Dennis Egan, W1UE/HR9, wrote about a six meter opening to Honduras: “I'm here on Roatan Island, NA057 grid EK66 for the week. I saw some activity on 6 meters on the cluster, so on a lark I tuned up to the band. Station here isn't much, a barefoot K3, 90 feet of LMR240 coax, and a G5RV antenna up 15 feet. To get any power out, I had to use the K3 internal tuner, so if one does the math I probably had less than 20w at the antenna. So, I wasn't expecting much.

“I heard KP4KD/4, he was loud, so I gave him a call. One call, one Q. Over the next several hours I worked 45 stations, from VY2ZM (FN86) to W7DN (CN95). While most of the stations were in the EM grids, it was still exciting. Last station worked was N5DG, at 0017Z on May 27.”

Laurence, GJ3RAX, from Jersey sent a nice clarification about his QTH and its relation to the British Isle. Last week I said Jersey is part of the UK, and it is not. “I feel the need to give you a correction to your latest news report. The island of Jersey is not in the United Kingdom. We are self governing for all internal matters, but external matters are administered from the UK. Our taxes are set locally and are different to those in the UK. A rather inexact analogy could be the relationship between Puerto Rico and the USA as PR is not a state but the licenses are administered by the FCC in the USA. I usually say that where I live is the real Jersey as opposed to the new one that was founded in 1664 by Sir George Carteret who was from Jersey.

“Great Britain is G, GW and GM. The UK is Great Britain and Northern Ireland, GI. The British Isles consist of the UK plus GJ, GU, GD and EI and so is a geographic definition rather than political. The British Islands are all those with a G series prefix (and the new ones starting with M or 2) and does not include EI.”

On May 29, GJ3RAX wrote: “I have had some more nice QSOs on 6 meters this week during the Es openings. Last year I had a total of 39 countries and 106 grid squares worked on that band. This year I am already up to 27 countries and 58 grid squares so I am on track to do better than last year and I have still not yet improved my antenna system.

“On Tuesday my only DX was down to EA9 again. On Wednesday it was better with QSOs to YL, DL, OK, SP, OE and 9A. Some of them were indicating well over 30 dB over S9 until the opening suddenly closed and I was able to relax again.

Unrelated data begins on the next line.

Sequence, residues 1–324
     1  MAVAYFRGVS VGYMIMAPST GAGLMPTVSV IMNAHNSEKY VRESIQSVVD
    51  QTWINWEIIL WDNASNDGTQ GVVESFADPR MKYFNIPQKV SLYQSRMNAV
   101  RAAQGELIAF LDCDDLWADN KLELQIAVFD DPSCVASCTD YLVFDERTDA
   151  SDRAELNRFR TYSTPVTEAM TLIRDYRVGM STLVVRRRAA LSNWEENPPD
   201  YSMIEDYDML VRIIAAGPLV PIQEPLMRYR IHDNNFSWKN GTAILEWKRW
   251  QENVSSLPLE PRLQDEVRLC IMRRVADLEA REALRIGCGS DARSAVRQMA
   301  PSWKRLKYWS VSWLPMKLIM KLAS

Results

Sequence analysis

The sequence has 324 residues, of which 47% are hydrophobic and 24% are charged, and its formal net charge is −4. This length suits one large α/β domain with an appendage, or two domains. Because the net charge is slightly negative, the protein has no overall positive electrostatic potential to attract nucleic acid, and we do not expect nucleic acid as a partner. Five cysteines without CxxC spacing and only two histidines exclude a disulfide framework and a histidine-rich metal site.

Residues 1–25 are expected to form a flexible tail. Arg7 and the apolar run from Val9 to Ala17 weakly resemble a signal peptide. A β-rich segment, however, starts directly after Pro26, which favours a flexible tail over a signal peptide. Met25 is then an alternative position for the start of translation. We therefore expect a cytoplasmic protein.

“Today I have had no QSOs on 6 meters and only heard a couple of very weak stations, identifying only one callsign which was EC5CIA who was way down, but 5x9 each way a week ago. Today it sounded more like a meteor ping as he soon vanished and did not emerge again from the noise.

“Later this morning I felt masochistic so I went on 40 meters with QRP running my IC-703 which usually gets me reports that are as good as running 100 watts from my IC-756 Pro 2. I got the IC-703 a couple of weeks ago for use as a transverter driver but it is fun using as it is on HF. I don't tell them that I am only running 10 watts out until I have been given a report and they are usually surprised when I tell them what I am using. It is great pity that the IC-703 is no longer in production. The only modern comparable radio for QRP is the KX3 and that is a lot more expensive over here.

“What has surprised me recently is that when there is Es on 6 meters I assume that I should also be hearing more of it on 10 meters, but I often find that band is very quiet when 6 meters is wide open.”

For more information concerning radio propagation, see the ARRL Technical Information Service at For an explanation of the numbers used in this bulletin, see An archive of past propagation bulletins is at More good information and tutorials on propagation are at

Monthly propagation charts between four USA regions and twelve overseas locations are at

Instructions for starting or ending email distribution of ARRL bulletins are at
Sunspot numbers for May 22 through 28 were 70, 112, 130, 133, 110, 96, and 72, with a mean of 103.3. 10.7 cm flux was 111.3, 116.3, 118, 113, 108.2, 105.9, and 99.4, with a mean of 110.3. Estimated planetary A indices were 9, 19, 6, 4, 4, 4, and 4, with a mean of 7.1. Estimated mid-latitude A indices were 9, 17, 6, 4, 4, 4, and 5, with a mean of 7.